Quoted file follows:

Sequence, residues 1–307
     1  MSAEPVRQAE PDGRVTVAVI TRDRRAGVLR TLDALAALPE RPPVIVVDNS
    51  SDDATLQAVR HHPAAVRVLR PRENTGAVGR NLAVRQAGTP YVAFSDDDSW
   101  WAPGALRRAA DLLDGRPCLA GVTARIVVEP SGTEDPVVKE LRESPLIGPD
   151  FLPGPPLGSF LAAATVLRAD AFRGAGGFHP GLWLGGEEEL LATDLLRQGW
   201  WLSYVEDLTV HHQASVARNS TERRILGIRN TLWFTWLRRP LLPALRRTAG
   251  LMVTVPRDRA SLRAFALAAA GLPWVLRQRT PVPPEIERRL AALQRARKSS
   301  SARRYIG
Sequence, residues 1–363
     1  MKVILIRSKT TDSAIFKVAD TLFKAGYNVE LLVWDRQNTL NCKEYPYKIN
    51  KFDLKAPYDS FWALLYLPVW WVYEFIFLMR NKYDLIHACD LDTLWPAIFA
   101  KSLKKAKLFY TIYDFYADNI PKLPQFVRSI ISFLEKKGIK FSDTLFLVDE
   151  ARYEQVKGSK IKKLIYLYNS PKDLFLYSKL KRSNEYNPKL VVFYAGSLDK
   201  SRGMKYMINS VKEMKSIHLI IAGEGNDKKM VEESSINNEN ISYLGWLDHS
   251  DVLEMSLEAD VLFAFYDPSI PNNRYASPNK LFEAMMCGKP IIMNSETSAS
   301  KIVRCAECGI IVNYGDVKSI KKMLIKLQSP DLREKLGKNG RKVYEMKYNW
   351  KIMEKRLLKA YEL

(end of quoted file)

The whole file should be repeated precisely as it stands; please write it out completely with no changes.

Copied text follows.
Sequence, residues 1–307
     1  MSAEPVRQAE PDGRVTVAVI TRDRRAGVLR TLDALAALPE RPPVIVVDNS
    51  SDDATLQAVR HHPAAVRVLR PRENTGAVGR NLAVRQAGTP YVAFSDDDSW
   101  WAPGALRRAA DLLDGRPCLA GVTARIVVEP SGTEDPVVKE LRESPLIGPD
   151  FLPGPPLGSF LAAATVLRAD AFRGAGGFHP GLWLGGEEEL LATDLLRQGW
   201  WLSYVEDLTV HHQASVARNS TERRILGIRN TLWFTWLRRP LLPALRRTAG
   251  LMVTVPRDRA SLRAFALAAA GLPWVLRQRT PVPPEIERRL AALQRARKSS
   301  SARRYIG
Sequence, residues 1–363
     1  MKVILIRSKT TDSAIFKVAD TLFKAGYNVE LLVWDRQNTL NCKEYPYKIN
    51  KFDLKAPYDS FWALLYLPVW WVYEFIFLMR NKYDLIHACD LDTLWPAIFA
   101  KSLKKAKLFY TIYDFYADNI PKLPQFVRSI ISFLEKKGIK FSDTLFLVDE
   151  ARYEQVKGSK IKKLIYLYNS PKDLFLYSKL KRSNEYNPKL VVFYAGSLDK
   201  SRGMKYMINS VKEMKSIHLI IAGEGNDKKM VEESSINNEN ISYLGWLDHS
   251  DVLEMSLEAD VLFAFYDPSI PNNRYASPNK LFEAMMCGKP IIMNSETSAS
   301  KIVRCAECGI IVNYGDVKSI KKMLIKLQSP DLREKLGKNG RKVYEMKYNW
   351  KIMEKRLLKA YEL